HTML - Validation

Types of HTML Validation

Syntax Validation

Syntax validation checks your HTML code for proper syntax and structure. This involves making sure that all tags are properly opened and closed, attributes are correctly formatted, and the overall structure of the document follows the HTML specification. Common syntax errors include missing closing tags, incorrect nesting of elements, and using invalid characters in tag names or attributes. By running your HTML through a syntax validator, you can catch these errors early and fix them before they cause problems in your web pages.

Example: HTML Code with Extra Spaces

<p>This    is   a   paragraph   with    extra   spaces.</p>

When a browser renders this code, it will display the text as:

This is a paragraph with extra spaces.

Example: Mismatched Tags

<p>This is a paragraph.</div>

In this case, the opening <p> tag is closed with a </div> tag, which is incorrect. The right way to close the paragraph is:

<p>This is a paragraph.</p>

Accessibility Validation

Accessibility validation makes sure that your HTML is accessible to users with disabilities. This includes making sure that your content can be read by screen readers, that your images have alternative text descriptions, and that your page can be navigated using only a keyboard. The Web Content Accessibility Guidelines (WCAG) provide guidelines for creating accessible HTML, including recommendations for using semantic markup, providing text alternatives for non-text content, and designing for keyboard navigation.

SEO Validation

SEO validation optimizes your HTML for search engines. This involves making sure that your pages have appropriate title tags, header tags, and meta descriptions as well as ensuring that your content is keyword-rich and relevant to your target audience. Some best practices for SEO-friendly HTML include using descriptive titles and headers with keywords, providing alt text for images, and using schema markup to provide additional context to search engines.

HTML Validation Tools

W3C Markup Validation Service

The W3C Markup Validation Service is a free online tool that checks your HTML code for conformance to web standards. Developed by the World Wide Web Consortium (W3C), this service helps web developers create standards-compliant websites. To use the W3C Markup Validation Service, enter your web page's URL or upload your HTML file. The tool will analyze your code and provide a report of any errors or warnings, along with suggestions for fixing them.

Browser Developer Tools

Most modern web browsers come with built-in developer tools that can help you validate your HTML code. These tools typically include an "Elements" or "Inspector" tab that allows you to view and edit the HTML structure of a web page in real-time. In Google Chrome, you can right-click on any element and select "Inspect" to open the Chrome Developer Tools. From there, you can check for any HTML errors, such as missing or mismatched tags, and fix them directly in the browser. Other popular browsers like Firefox, Safari, and Microsoft Edge also have similar features in their developer tools.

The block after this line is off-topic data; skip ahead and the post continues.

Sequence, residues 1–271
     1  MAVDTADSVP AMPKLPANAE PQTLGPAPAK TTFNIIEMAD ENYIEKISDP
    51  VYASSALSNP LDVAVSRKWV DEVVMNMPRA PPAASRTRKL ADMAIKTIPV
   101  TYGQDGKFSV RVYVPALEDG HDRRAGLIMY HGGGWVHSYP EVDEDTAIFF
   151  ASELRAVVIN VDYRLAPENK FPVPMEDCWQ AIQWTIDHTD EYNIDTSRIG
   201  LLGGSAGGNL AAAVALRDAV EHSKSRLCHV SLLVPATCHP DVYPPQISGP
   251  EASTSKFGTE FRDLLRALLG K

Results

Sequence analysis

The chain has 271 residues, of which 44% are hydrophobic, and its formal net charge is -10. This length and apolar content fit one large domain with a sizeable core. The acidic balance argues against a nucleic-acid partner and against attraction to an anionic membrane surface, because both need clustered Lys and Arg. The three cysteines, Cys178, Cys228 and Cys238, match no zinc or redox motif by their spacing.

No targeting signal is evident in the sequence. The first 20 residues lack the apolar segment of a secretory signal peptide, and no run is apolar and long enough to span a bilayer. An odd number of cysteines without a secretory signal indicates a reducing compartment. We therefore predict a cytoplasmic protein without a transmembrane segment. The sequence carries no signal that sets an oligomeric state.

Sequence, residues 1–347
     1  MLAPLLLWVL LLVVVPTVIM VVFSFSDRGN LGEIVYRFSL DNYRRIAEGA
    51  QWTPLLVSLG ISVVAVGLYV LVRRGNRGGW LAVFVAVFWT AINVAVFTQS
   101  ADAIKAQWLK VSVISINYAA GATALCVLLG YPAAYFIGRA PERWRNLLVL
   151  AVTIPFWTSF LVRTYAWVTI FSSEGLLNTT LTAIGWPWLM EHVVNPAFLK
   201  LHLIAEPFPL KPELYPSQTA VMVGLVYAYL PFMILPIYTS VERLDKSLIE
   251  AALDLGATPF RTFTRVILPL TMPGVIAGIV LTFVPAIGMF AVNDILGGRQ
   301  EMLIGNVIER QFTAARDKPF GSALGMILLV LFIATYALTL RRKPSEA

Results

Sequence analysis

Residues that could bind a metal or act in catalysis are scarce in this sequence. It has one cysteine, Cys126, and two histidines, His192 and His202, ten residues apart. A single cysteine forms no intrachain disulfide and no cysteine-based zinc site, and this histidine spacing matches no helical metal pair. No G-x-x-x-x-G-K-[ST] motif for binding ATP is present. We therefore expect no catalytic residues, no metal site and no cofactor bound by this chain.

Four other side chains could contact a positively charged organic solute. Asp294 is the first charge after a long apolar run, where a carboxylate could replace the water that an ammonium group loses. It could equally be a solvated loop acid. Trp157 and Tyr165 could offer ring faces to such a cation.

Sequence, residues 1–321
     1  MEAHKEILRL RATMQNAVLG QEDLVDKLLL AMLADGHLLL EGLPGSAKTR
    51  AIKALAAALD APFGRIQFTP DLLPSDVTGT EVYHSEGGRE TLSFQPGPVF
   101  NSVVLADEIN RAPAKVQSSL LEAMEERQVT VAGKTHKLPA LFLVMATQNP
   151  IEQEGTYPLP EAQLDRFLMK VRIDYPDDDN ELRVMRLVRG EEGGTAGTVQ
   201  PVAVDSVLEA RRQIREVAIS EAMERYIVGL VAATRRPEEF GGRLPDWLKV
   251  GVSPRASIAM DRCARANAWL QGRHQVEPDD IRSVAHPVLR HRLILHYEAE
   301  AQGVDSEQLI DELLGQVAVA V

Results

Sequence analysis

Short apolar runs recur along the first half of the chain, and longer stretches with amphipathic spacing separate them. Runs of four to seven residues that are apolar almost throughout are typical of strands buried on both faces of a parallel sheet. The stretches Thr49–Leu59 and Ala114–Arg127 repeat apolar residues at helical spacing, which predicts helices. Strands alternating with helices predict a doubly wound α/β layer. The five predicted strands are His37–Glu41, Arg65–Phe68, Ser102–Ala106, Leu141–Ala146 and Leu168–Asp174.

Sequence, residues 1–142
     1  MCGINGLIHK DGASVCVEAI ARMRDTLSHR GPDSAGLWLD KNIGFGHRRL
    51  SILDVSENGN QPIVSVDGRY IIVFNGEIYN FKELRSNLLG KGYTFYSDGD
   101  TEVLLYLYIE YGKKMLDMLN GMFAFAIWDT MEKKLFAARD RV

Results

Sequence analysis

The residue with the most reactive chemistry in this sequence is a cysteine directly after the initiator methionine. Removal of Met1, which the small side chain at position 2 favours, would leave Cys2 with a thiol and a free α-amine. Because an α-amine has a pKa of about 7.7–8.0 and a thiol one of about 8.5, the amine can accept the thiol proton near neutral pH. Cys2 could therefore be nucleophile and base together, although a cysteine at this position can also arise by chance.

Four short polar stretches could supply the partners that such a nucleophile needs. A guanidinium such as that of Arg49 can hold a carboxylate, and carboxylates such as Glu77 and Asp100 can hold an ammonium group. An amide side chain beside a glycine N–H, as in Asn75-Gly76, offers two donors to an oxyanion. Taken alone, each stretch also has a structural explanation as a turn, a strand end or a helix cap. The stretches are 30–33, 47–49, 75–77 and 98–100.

IDE and Text Editor Plugins

Many popular Integrated Development Environments (IDEs) and text editors offer HTML validation plugins that can check your code as you type. These plugins catch errors early in the development process before you run your code in a browser. Some examples of these plugins include:

Example: HTML Tidy for Sublime Text

<p>This is a paragraph.</p>

This plugin uses the HTML Tidy library to check and clean up your HTML code.

Example: HTML Validator for Atom

<p>This is a paragraph.</p>

This plugin validates your HTML against W3C standards.

Example: HTML Validation for Visual Studio Code

<p>This is a paragraph.</p>

This extension uses Nu Html Checker to validate your files.

Using these plugins helps you write cleaner, more valid HTML code and avoid common mistakes that can cause problems later on.

Fixing Validation Errors

Fixing validation errors is an important step in creating clean, standards-compliant HTML code. Some common validation errors include missing or mismatched tags, incorrect attribute values, and using outdated elements. To fix these errors, start by running your HTML through a validation tool like the W3C Markup Validation Service. This will give you a list of errors and their locations in your code.

One common error is missing closing tags. If you have an opening <p> tag but forget to include the closing </p> tag, the validator will flag this as an error. To fix it, simply add the missing closing tag.

Another common error is using incorrect attribute values.

Example: Invalid href attribute value

<a href="invalid url">Link</a>

The validator will catch this error. To fix it, make sure you use a valid URL format:

Example: Correct href attribute value

<a href="https://www.example.com">Link</a>

Using outdated elements is another source of validation errors. Outdated elements are old HTML tags that have been replaced by newer elements.

Example: Deprecated font tag

<font color="red">This is red text.</font>

The validator will warn you that this tag is no longer recommended. To fix this, replace the outdated tag with a more modern equivalent and use CSS for styling:

Example: CSS for styling text

<span style="color: red;">This is red text.</span>

To avoid validation errors in the first place:

  • Always include the <!DOCTYPE html> declaration at the beginning of your HTML files.
  • Use lowercase letters for tag names and attribute values.
  • Quote attribute values.
  • Close all tags that require closing like <p> and <li>.
  • Nest elements properly and don't overlap closing tags.
  • Use semantic elements like <header>, <nav>, and <article> to give meaning to your content.

By fixing validation errors and following best practices for writing HTML code can help create web pages that work consistently across browsers and devices.